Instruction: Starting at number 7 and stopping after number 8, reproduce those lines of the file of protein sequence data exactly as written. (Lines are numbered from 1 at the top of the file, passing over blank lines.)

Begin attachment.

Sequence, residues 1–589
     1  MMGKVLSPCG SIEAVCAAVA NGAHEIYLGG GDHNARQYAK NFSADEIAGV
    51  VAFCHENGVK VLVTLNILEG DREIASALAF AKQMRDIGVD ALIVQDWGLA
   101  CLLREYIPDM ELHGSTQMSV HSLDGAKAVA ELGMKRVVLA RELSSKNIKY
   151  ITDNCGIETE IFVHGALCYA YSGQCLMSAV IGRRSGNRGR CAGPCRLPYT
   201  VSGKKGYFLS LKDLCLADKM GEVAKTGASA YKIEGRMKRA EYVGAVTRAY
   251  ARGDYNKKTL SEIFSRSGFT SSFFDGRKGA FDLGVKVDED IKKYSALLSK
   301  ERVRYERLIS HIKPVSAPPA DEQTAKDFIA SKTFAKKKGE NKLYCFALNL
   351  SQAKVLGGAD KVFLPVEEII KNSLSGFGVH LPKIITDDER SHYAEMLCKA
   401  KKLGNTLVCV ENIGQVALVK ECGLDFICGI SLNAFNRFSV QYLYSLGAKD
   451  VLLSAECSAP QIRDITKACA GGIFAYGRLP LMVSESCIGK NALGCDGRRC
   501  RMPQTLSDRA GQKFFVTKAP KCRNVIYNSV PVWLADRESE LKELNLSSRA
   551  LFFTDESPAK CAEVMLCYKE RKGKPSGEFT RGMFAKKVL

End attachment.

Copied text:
   251  ARGDYNKKTL SEIFSRSGFT SSFFDGRKGA FDLGVKVDED IKKYSALLSK
   301  ERVRYERLIS HIKPVSAPPA DEQTAKDFIA SKTFAKKKGE NKLYCFALNL